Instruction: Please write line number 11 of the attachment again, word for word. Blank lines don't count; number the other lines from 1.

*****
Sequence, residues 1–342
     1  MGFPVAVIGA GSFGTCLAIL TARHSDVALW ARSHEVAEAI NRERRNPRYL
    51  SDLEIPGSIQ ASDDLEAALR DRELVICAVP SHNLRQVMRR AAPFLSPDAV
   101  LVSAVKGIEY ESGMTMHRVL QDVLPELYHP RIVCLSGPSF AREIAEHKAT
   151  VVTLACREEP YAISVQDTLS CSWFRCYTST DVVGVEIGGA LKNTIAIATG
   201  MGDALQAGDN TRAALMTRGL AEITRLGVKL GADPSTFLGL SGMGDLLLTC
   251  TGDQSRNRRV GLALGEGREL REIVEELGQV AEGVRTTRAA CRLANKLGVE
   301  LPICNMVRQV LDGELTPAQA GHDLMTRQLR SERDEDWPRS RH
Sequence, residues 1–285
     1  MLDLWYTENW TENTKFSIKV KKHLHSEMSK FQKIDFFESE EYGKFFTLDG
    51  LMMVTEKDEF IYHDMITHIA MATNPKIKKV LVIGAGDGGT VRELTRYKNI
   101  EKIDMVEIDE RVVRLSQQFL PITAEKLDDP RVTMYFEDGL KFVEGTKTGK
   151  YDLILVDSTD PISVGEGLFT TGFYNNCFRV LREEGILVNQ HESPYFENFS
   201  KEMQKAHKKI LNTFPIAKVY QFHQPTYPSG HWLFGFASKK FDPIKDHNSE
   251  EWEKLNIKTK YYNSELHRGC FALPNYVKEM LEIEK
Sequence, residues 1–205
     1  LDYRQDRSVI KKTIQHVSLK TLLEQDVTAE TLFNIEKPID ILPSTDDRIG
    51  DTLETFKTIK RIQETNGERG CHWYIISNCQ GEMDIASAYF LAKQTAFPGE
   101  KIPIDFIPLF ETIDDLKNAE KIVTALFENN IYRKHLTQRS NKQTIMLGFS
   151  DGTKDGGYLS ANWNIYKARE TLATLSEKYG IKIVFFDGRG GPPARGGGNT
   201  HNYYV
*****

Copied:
    51  LMMVTEKDEF IYHDMITHIA MATNPKIKKV LVIGAGDGGT VRELTRYKNI